For three days from Friday to Sunday, Sept. 16 to 18, singers, dancers, and drummers from B.C., Alberta, and the U.S. filled the Langley Events Centre for the first annual Stɑl̓əw̓ powwow cultural event.
Organized by the Stɑl̓əw̓ Arts and Cultural Society, which is based on Kwantlen First Nation land in Fort Langley, the event’s name translates to “big river” in the hən̓q̓əmin̓əm̓ language, a reference to the Fraser River and its role in the Indigenous communities living along its shores.
In a statement of purpose posted online, organizers said “rivers connect and enable sharing and new opportunities – and we wish for the stɑl̓əw̓ powwow to be an event that shares, honours and creates new opportunities to celebrate rich indigenous traditions and build important and lasting connections.”
One of the organizers, TsaTsomTun (Dennis Leon), cultural advisor, Kwantlen First Nations, on the stɑl̓əw̓ arts and culture committee, explained the long-awaited event has been in the planning stages for three years.
“Because of the pandemic that we’re getting through, there’s hasn’t been much powwow or gatherings,” TsaTsomTun told the Langley Advance Times.
“It’s awesome to finally be here and see all the dancers and singers. People are coming from Alberta and all the way from Yakima [Yakama Nation in Washington]. There’s a certain kind of energy that comes with the powwow, especially for the dancers and singers.”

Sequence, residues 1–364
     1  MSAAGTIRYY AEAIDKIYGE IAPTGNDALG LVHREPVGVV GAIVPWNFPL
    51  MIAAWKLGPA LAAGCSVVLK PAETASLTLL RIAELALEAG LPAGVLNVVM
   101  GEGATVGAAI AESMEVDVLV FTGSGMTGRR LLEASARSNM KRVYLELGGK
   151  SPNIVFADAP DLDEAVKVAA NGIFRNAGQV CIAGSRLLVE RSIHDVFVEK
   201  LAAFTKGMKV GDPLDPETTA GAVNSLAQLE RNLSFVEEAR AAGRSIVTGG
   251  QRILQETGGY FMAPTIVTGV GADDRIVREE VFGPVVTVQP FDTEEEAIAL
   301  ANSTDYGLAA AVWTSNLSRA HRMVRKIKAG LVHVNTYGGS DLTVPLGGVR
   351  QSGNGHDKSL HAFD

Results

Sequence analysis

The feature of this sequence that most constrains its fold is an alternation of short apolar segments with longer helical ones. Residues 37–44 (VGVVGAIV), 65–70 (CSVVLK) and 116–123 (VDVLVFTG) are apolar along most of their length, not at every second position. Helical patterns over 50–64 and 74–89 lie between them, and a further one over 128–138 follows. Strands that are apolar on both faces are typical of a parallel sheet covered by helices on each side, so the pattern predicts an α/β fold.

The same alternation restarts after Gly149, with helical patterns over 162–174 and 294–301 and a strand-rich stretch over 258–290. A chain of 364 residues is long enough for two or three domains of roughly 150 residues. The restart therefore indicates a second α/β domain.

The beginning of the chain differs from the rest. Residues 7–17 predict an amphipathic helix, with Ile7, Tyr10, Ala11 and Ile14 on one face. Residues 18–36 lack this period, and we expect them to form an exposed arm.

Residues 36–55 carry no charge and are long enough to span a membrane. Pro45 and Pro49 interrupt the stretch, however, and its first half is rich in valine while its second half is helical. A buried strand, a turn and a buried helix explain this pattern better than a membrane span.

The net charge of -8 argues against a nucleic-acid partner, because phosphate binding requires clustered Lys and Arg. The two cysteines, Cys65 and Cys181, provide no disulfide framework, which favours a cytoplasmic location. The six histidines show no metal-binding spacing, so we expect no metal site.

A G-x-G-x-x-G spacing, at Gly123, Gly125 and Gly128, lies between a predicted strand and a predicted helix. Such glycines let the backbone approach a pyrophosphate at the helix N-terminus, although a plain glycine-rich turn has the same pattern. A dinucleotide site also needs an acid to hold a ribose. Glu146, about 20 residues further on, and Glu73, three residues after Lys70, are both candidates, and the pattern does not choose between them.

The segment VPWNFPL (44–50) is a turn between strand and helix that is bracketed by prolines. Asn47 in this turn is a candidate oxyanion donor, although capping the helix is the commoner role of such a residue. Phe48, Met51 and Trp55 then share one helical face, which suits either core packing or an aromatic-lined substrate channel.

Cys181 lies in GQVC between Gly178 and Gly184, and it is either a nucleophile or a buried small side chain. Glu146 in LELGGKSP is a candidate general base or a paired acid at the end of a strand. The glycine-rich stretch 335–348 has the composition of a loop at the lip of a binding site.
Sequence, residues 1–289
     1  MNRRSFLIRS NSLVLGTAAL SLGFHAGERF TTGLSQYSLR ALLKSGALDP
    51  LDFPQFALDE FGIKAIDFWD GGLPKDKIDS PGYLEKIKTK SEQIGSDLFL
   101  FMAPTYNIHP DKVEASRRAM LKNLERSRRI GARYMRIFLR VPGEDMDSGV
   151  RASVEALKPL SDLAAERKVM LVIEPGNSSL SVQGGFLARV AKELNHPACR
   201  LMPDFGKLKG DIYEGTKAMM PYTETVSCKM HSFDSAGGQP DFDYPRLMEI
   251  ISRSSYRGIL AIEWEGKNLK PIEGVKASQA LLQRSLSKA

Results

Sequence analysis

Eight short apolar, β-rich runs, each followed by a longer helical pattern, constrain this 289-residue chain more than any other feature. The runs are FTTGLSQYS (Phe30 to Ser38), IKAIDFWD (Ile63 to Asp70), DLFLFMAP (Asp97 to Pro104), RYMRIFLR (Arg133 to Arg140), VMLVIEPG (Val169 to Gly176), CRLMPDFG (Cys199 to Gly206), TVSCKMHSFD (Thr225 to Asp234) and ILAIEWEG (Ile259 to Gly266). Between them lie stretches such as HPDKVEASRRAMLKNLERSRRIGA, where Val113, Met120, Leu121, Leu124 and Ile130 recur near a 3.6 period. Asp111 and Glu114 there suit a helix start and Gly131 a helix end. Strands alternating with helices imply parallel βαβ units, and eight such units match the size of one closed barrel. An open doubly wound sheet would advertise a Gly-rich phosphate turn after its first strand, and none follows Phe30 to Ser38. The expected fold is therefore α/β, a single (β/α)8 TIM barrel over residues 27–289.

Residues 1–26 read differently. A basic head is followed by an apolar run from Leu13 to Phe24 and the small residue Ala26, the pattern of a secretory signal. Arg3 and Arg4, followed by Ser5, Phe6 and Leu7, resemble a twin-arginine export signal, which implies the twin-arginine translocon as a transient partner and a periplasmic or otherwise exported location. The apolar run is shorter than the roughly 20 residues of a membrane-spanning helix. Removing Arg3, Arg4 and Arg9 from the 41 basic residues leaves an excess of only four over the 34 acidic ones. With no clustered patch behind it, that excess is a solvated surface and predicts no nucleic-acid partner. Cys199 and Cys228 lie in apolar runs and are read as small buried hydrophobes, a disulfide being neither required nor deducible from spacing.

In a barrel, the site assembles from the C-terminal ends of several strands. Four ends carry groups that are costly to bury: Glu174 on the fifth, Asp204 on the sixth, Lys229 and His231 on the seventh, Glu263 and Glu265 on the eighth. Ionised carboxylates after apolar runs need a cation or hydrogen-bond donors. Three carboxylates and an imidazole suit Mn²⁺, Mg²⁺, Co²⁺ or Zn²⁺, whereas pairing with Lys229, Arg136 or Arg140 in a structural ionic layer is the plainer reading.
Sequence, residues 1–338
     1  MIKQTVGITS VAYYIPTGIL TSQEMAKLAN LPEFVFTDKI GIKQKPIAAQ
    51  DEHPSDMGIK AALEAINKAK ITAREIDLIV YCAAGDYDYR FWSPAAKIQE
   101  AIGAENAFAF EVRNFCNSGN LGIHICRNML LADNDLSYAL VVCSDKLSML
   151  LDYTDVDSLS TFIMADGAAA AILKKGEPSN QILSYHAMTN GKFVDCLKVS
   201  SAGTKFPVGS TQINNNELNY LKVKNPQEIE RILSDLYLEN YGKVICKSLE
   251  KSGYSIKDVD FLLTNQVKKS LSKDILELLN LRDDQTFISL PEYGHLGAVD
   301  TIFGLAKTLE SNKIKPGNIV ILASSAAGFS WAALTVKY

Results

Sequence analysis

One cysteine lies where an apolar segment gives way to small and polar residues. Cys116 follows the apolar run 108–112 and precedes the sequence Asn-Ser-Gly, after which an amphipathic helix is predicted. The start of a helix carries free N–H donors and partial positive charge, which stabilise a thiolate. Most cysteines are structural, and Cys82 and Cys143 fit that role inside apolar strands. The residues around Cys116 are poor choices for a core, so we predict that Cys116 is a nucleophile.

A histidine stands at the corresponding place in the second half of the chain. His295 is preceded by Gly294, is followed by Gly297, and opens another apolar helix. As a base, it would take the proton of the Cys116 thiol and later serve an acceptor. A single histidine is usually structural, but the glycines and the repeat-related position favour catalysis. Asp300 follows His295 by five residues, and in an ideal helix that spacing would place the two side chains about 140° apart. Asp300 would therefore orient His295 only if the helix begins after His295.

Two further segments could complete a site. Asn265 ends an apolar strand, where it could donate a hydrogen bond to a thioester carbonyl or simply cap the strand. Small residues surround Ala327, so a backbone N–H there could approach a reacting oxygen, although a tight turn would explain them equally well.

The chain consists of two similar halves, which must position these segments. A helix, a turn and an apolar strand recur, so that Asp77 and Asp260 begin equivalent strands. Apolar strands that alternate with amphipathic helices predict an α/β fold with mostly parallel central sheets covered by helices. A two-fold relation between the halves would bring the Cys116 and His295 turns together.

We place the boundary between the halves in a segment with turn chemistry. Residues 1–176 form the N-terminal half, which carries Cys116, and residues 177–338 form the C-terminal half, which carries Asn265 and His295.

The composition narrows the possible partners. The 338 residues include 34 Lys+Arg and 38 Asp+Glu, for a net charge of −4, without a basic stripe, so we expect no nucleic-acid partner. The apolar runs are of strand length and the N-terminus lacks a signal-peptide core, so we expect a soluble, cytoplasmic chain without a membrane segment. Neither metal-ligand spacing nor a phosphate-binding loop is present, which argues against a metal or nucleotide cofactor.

One of the participants, William James from Chilliwack, a standout in his formal garb and headdress, was appreciative.
“Thank you to the people of Langley for hosting a wonderful weekend,” he said.
Kwantlen First Nation member Phyllis Atkins, program coordinator at the cultural society, explained that the powwow ceremonies are integral to many Indigenous cultures and carry great importance in the community.
Stɑl̓əw̓ Arts and Cultural Society describes itself as “a registered, Indigenous and women-lead non-profit organization” that is “dedicated to advocacy and empowering Indigenous artists living in Coast Salish territories in order to share their gifts.”
It’s focus is “to foster nationhood and to support the rebuilding of Indigenous communities, particularly through the development of opportunities in the arts, culture and language.”
People can support the non-profit stɑl̓əw̓ society online at stalewpowwow.ca/donate.
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